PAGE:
In late 2008 and early 2009, some economists feared the US could enter a deflationary spiral. Economist Nouriel Roubini predicted that the United States would enter a deflationary recession, and coined the term "stag-deflation" to describe it. [55] It is the opposite of stagflation, which was the main fear during the spring and summer of 2008. The United States then began experiencing measurable deflation, steadily decreasing from the first measured deflation of -0.38% in March, to July's deflation rate of -2.10%. On the wage front, in October 2009 the state of Colorado announced that its state minimum wage, which is indexed to inflation, is set to be cut, which would be the first time a state has cut its minimum wage since 1938. [56]

See also

Notes

  1. Robert J. Barro and Vittorio Grilli (1994), European Macroeconomics, chap. 8, p. 142. ISBN   0-333-57764-7
  2. O'Sullivan, Arthur; Sheffrin, Steven M. (2003). Economics: Principles in Action. Upper Saddle River, New Jersey: Pearson Prentice Hall. p. 343. ISBN   0-13-063085-3.
  3. Harry Wallop, Harry Wallop (18 November 2008). "Deflation: why it is dangerous". The Telegraph. Telegraph Media Group. Retrieved 20 September 2016.
  4. "The Economist explains: Why deflation is bad". Economist. Economist magazine. 7 Jan 2015. Retrieved 20 September 2016.
  5. Krugman, Paul. "Why is Deflation Bad?". New York Times. New York Times. Retrieved 20 September 2016.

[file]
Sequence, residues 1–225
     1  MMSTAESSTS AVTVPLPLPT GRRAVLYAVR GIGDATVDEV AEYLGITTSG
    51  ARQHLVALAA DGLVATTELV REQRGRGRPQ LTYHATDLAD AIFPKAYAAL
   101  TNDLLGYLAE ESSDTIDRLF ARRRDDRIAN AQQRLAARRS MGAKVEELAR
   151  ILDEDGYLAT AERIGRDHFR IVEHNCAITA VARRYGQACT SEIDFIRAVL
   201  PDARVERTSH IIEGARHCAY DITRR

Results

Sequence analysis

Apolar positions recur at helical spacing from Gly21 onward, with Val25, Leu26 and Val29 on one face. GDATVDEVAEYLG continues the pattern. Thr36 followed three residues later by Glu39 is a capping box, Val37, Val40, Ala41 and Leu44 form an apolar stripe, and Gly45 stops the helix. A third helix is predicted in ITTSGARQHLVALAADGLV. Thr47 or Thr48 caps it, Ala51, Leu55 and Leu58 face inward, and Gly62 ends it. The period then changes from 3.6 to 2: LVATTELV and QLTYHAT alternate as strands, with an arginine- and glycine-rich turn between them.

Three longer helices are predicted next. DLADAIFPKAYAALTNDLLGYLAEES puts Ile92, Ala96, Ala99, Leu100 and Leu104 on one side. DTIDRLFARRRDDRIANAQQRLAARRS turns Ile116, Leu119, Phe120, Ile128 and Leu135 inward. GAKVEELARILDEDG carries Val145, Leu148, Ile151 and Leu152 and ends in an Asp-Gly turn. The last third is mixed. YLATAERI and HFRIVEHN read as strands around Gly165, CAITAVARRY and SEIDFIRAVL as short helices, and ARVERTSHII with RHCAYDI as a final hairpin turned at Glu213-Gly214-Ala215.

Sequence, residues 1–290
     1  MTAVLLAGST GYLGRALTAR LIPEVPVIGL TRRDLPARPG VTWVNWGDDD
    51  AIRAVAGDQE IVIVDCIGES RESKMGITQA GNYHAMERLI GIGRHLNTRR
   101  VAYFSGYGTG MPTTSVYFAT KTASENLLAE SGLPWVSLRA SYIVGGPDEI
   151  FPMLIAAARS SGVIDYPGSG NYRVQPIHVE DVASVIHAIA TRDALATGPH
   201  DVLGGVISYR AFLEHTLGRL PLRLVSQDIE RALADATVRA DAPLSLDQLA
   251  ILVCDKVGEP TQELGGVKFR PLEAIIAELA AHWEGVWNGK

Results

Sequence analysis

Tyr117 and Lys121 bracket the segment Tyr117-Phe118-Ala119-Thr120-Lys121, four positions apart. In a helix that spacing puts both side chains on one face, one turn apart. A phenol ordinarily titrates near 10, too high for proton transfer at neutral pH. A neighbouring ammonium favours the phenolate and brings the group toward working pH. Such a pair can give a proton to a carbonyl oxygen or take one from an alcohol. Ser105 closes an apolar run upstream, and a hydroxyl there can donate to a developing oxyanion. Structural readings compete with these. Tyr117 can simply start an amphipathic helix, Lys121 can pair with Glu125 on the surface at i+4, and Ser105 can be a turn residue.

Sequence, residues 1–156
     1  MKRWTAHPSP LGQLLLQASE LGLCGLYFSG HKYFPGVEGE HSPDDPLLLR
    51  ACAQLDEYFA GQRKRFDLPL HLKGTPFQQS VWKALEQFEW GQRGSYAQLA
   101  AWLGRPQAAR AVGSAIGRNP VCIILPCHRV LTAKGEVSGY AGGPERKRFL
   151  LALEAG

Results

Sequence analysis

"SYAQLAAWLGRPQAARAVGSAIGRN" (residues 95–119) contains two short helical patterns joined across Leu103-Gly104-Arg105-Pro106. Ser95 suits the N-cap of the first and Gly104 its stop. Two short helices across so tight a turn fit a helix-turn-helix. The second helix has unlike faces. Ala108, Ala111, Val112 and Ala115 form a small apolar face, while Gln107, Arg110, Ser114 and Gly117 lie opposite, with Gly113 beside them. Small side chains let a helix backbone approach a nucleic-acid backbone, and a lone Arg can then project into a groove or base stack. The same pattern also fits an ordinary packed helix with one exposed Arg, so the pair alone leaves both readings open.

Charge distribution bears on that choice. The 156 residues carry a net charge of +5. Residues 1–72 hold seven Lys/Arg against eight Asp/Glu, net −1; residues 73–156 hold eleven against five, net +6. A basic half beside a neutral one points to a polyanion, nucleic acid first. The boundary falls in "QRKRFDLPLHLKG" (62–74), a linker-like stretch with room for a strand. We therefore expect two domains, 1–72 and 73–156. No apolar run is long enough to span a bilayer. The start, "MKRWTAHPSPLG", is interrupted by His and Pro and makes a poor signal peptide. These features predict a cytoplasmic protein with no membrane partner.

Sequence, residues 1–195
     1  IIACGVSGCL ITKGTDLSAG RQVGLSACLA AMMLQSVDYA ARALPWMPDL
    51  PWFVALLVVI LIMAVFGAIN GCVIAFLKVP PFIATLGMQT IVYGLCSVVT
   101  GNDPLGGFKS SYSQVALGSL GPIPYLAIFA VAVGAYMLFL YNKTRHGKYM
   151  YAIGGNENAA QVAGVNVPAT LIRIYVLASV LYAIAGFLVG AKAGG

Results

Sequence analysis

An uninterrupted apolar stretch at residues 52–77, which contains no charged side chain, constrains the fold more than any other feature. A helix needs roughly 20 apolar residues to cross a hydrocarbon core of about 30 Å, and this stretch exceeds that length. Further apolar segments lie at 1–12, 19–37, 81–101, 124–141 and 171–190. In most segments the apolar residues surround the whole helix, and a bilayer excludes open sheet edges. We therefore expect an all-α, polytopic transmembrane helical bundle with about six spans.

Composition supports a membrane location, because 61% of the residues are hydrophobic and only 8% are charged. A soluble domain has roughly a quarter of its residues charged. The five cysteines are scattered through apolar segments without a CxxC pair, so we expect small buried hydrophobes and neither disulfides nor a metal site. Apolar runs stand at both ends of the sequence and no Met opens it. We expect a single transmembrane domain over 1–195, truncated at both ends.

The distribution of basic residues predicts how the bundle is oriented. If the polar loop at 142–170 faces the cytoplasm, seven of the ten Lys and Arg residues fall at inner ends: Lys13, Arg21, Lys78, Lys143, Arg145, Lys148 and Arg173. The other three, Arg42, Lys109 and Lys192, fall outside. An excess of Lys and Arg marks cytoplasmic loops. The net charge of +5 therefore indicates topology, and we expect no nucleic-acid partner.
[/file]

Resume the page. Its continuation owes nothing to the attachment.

6. Walker, Andrew (29 January 2016). "Is deflation such a bad thing?". BBC. Retrieved 20 September 2016.
  7. Thoma, Mark. "Explainer: Why is deflation so harmful?". Moneywatch. CBS. Retrieved 20 September 2016.
  8. Hummel, Jeffrey Rogers. "Death and Taxes, Including Inflation: the Public versus Economists" (January 2007).
  9. Blanchard, O.; Dell’Ariccia, G.; Mauro, P. (18 August 2010). "Rethinking macroeconomic policy". Journal of Money, Credit and Banking. 42 (1): 199–215.
  10. 1 2 3 Hussman, Ph.D., John, O. (2010). "Bernanke Leaps into a Liquidity Trap".
  11. 1 2 3 Wells, David A. (1890). Recent Economic Changes and Their Effect on Production and Distribution of Wealth and Well-Being of Society. New York: D. Appleton and Co. ISBN   0-543-72474-3. Money supply, p. 222
  12. Beckworth, David. "Aggregate Supply-Driven Deflation and Its Implications for Macroeconomic Stability" (PDF). Cato Journal. Cato Institute. 28 (3). Archived from the original (PDF) on 2011-10-09.
  13. Stapleford, Thomas (2009). The Cost of Living in America: A Political History of Economic Statistics, 1880-2000. Cambridge University Peess. pp. 69–73.
  14. Kendrick, John (1991). "U.S. Productivity Performance in Perspective , Business Economics, October 1, 1991".Cite journal requires |journal= (help)
  15. Andrew Atkeson and Patrick J. Kehoe of the Federal Reserve Bank of Minneapolis Deflation and Depression: Is There an Empirical Link?
  16. Bell, Spurgeon (1940). Productivity, Wages and National Income , The Institute of Economics of the Brookings Institution. Waverly press.